March 18, 2010

Unpretentious Bonobo riffs on pizza with jazzy flair

— There is a knack for handwork displayed in many corners of Bonobo, with its handy shelves in the bathroom and a weighted rope on a pulley that keeps the door swung shut. A rack that holds wine glasses is artfully constructed out of copper pipe.

That same resourcefulness is in charge of the pizza, thin-crusted and covered with good ingredients.

If there was just a little less of those ingredients on top of the pies, I'd be happier. And after talking to one of the owners, Oliver Outerbridge, I anticipate more choices with lighter toppings, which he calls ''new generation.''

One night's special ($14), with pulled, barbecued pork and cheddar, delivers its unique mix of smoke and salt with every bite. The delectable Verde ($15) offers pesto, spinach, tender leeks and roasted onions, and little white pools of creamy ricotta set on top of firm, chewy crust.

No need to all agree on one topping here, since you can portion the topping out across the pie, splitting it 50/50, perhaps the hearty Farm with sausage and onion, tomato sauce and mozzarella, and Smoky on the other half, roasted butternut squash, Vidalia onions, leeks, gorgonzola and cream.

The Bonobo (and the accent is on the second syllable for anyone else who hasn't watched enough wildlife specials about this endangered, love-happy ape) also has the advantage of cream.

Cream is inspirational on its thin crust, touching up the leeks and mushrooms, with prosciutto for intense salt and fontina for yet more richness. A sparing hand in the kitchen keeps this conglomeration balanced on the triangles of crust as they airlift into your mouth.

''We're trying to broaden people's horizons,'' Outerbridge said. Removing the tomato sauce is one way to do that.

The Marley ($16) grooves along with Jamaican jerk chicken, sausage, roasted red peppers and onions, sauce and cheddar. Each pie measures 13 inches, and a half is plenty for most of us, even if we could indulge in more.

Perhaps sharing one of the two salads would make that less tempting. The creamy Caesar ($7) packed some garlic and lemon, with five white anchovy filets draped on top (but only if you ask for them).

The Herencia Antica Tempranillo ($6 a glass, $18 a bottle) was badly off one night, and pushed aside for a glass of the vibrant Il Filare Sangiovese ($6 a glass, $18 a bottle) that others had been enjoying already. Altos de Hoya Monestrell ($7 a glass, $21 a bottle) packed a lot of powerful flavor into its deep red liquid for a headier drink, but it's off the wine list for the moment.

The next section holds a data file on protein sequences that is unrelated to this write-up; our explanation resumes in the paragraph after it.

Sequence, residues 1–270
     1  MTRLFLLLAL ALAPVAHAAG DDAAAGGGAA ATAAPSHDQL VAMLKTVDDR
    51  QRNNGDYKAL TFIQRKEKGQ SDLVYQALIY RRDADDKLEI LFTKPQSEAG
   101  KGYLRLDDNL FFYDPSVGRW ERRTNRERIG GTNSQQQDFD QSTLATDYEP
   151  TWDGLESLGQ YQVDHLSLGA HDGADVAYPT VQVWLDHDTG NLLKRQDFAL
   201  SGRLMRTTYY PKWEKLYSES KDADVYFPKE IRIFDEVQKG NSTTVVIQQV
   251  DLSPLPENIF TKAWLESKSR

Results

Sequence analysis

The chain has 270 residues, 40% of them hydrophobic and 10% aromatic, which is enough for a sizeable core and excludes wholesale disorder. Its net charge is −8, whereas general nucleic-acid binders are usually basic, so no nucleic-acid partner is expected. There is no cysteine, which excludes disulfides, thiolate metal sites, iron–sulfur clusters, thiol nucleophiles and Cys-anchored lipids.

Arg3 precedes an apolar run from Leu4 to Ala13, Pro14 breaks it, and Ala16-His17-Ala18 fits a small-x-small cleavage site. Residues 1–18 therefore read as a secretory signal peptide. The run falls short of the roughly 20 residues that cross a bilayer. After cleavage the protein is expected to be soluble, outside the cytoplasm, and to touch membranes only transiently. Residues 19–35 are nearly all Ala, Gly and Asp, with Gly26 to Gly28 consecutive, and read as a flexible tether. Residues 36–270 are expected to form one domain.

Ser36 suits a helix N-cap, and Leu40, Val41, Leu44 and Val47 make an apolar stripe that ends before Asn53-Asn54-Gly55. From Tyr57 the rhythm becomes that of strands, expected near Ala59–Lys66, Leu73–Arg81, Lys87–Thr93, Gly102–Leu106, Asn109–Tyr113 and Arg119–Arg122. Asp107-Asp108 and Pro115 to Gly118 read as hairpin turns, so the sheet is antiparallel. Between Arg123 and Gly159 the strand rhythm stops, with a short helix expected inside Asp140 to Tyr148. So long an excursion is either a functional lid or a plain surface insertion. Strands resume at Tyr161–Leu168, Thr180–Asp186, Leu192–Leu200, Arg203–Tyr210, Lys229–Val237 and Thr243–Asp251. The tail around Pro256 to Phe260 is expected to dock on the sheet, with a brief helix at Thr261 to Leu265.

An Argentine Torrontes from Gimenez Riili ($7 a glass, $21 a bottle) lived up to its grape's floral and lemony characteristics, while the chardonnay and viognier blend from Chile's Oveja Negra ($6 a glass, $20 a bottle) was another good white.

This list exemplifies the friendly attitude of this unpretentious pizzeria, serving good stuff without charging a lot. And service I encountered during two recent visits could not have been better.

A ruddy orange tin ceiling spans three sections above the wood tables, set amid three enclosures to keep each dining area a little more intimate than if the place were entirely open.

Wood windows hang over the dividers, a rustic touch along with the wood-edged tables, and a varnished bar made of boards with worn paint. Both Outerbridge and his partner Eleda Wacker designed and constructed the interior.

Bonobo opened last August following renovations that started in January. Outerbridge said close friends had a recipe for wet-dough pizza, and when he tasted wet-dough pizza cooked in that friend's outdoor oven, ''I thought it was the best food I'd ever had.'' But during the first weeks of business Outerbridge recalibrated his recipe.

''When we opened we didn't have the right recipe,'' he said. ''The dough was too wet; I cut that back. Now it's sticky but manageable.''

An expanded pizza selection, ''next generation, less saucy,'' will offer specials like smoked tomato and tallegio, or smoked duck, roasted oyster mushrooms, Black Forest bacon, and fresh arugula added after cooking.

Lighter pizza might land in its own category in future menus, alerting customers who like their thin crust to dominate.

Twice when I tried the mini crème brulée ($3 for the mini, $6 for the regular size) the top was burned, making the crunchy sugar decidedly bitter and unpleasant, but we discarded the sugar and enjoyed the custard underneath.

Tiramisu ($6), cake soaked in rum, espresso and Kahlua with whipped mascarpone; cioccolata ($6), chocolate pudding with whipped cream; and Maple's Organics gelato and sorbets can also be ordered for dessert.

N.L. English is a Portland freelance writer and the author of ''Chow Maine: The Best Restaurants, Cafes, Lobster Shacks and Markets on the Coast.'' Visit English's Web site, www.chowmaineguide.com.

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